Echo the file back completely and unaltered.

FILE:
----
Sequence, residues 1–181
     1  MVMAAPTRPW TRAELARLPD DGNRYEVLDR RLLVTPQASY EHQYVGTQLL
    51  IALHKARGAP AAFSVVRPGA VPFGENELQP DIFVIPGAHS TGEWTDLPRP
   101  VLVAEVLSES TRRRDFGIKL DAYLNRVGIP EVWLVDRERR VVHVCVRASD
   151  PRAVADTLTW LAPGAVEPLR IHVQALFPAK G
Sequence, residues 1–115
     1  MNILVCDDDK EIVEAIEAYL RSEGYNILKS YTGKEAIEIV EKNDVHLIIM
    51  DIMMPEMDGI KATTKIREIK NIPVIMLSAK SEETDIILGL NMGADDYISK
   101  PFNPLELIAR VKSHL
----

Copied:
Sequence, residues 1–181
     1  MVMAAPTRPW TRAELARLPD DGNRYEVLDR RLLVTPQASY EHQYVGTQLL
    51  IALHKARGAP AAFSVVRPGA VPFGENELQP DIFVIPGAHS TGEWTDLPRP
   101  VLVAEVLSES TRRRDFGIKL DAYLNRVGIP EVWLVDRERR VVHVCVRASD
   151  PRAVADTLTW LAPGAVEPLR IHVQALFPAK G
Sequence, residues 1–115
     1  MNILVCDDDK EIVEAIEAYL RSEGYNILKS YTGKEAIEIV EKNDVHLIIM
    51  DIMMPEMDGI KATTKIREIK NIPVIMLSAK SEETDIILGL NMGADDYISK
   101  PFNPLELIAR VKSHL